In the New Jersey Law Journal from February 28th, New Jersey Alimony Reform is seeking to redesign how New Jersey courts award alimony payments. NJAR is looking to end the possibility of lifetime or “permanent” alimony. It believes current New Jersey alimony laws are outdated and do not encourage independence for divorcing couples. In its opinion, alimony should provide a transition period for the lower earning spouse to establish financial independence, rather than an extension of the marital lifestyle at the expense of the higher earning spouse. NJAR’s bill A-845 proposes stricter guidelines for how long alimony can be assigned, and limits to control the portion of the payer’s salary that can go to alimony.
Alimony reform is opposed by the State Bar Association’s Family Law Section because the section feels it would undermine the needs of stay at home parents who have sacrificed careers to care for children. A “cookie cutter” approach to determining alimony would be a mistake, according to the section. The State Bar feels that alimony should, in fact, be tied to marital lifestyle. Rather than a transition period, alimony should allow the receiver to maintain the lifestyle he or she enjoyed prior to the divorce.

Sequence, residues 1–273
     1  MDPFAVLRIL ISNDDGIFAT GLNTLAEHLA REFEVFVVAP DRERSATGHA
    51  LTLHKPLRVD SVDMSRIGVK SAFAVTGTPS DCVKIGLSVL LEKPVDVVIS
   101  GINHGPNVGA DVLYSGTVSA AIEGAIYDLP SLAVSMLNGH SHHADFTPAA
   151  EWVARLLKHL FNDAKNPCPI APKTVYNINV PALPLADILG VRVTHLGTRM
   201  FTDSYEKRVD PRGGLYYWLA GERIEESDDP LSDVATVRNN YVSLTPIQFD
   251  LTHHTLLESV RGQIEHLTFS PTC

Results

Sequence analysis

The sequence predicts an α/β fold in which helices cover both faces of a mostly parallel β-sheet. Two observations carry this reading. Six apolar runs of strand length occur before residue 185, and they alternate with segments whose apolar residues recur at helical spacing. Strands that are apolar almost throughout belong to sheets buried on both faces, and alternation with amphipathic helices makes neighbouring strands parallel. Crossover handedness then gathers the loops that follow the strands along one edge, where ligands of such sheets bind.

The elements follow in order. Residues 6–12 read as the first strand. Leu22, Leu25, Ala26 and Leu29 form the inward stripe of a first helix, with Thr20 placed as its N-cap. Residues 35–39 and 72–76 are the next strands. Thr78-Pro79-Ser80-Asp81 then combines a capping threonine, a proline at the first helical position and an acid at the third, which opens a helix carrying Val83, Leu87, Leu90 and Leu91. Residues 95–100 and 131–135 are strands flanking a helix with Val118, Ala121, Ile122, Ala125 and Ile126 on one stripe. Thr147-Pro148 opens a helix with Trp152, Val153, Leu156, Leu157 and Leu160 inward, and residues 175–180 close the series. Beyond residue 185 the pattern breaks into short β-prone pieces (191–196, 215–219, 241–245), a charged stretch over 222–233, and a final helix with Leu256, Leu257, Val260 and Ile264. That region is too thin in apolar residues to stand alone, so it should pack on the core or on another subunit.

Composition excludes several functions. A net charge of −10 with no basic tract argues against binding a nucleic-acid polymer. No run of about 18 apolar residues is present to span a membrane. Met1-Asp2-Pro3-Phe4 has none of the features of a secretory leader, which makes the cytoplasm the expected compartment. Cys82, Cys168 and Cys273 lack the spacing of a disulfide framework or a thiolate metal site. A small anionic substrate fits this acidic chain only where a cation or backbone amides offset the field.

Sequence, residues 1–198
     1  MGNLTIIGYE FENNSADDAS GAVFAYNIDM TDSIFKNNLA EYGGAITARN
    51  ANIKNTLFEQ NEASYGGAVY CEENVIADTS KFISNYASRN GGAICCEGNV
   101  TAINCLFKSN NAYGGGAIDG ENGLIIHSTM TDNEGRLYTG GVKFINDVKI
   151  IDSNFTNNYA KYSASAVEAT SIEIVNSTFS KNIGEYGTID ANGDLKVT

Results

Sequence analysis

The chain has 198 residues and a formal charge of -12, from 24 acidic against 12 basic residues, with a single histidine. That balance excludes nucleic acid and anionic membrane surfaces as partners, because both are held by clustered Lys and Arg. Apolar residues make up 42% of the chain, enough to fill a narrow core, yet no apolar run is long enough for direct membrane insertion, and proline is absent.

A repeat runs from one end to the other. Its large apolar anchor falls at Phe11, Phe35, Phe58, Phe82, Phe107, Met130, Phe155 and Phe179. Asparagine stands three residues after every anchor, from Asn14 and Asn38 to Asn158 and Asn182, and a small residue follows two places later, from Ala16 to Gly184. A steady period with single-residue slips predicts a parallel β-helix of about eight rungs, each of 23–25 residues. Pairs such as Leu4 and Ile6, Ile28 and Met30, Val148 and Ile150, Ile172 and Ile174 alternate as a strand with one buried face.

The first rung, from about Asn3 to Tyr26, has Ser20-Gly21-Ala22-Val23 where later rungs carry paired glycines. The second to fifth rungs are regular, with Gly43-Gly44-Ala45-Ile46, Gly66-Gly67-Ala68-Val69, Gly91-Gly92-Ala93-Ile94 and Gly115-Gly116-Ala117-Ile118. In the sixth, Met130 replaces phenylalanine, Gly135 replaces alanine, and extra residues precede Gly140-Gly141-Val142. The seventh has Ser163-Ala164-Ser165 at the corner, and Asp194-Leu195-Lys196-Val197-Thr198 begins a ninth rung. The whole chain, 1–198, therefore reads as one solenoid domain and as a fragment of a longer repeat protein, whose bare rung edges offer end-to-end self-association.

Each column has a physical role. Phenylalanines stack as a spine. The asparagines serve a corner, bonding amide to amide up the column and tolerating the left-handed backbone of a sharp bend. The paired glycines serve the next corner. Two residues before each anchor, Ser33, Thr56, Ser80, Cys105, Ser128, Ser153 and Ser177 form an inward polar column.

In its measure A-1649, the State Bar suggests a list of factors to be considered by a judge when adjusting or terminating an alimony agreement. This includes providing evidence of changes in the payer’s financial situation, the age and health of each spouse, as well as the average retirement age in payer’s field. Basically, this measure puts factors into a bill that have already been identified in case law. A-1649 also includes a provision that would replace “permanent” alimony with the more open-ended “of indefinite term” alimony.
NJAR’s response to A-1649 has been positive, in that it agrees with the factors set forth in the measure. However, it maintains that alimony law needs guidelines that are easier to understand. It believes these guidelines will make settlements easier by having defined terms that prevent exhaustive litigation.
Divorce, custody, and alimony cases require quality, steadfast legal representation. If you or a family member is considering a divorce or in need of representation in an alimony matter, please contact NJ family law attorney Melinda M. Previtera.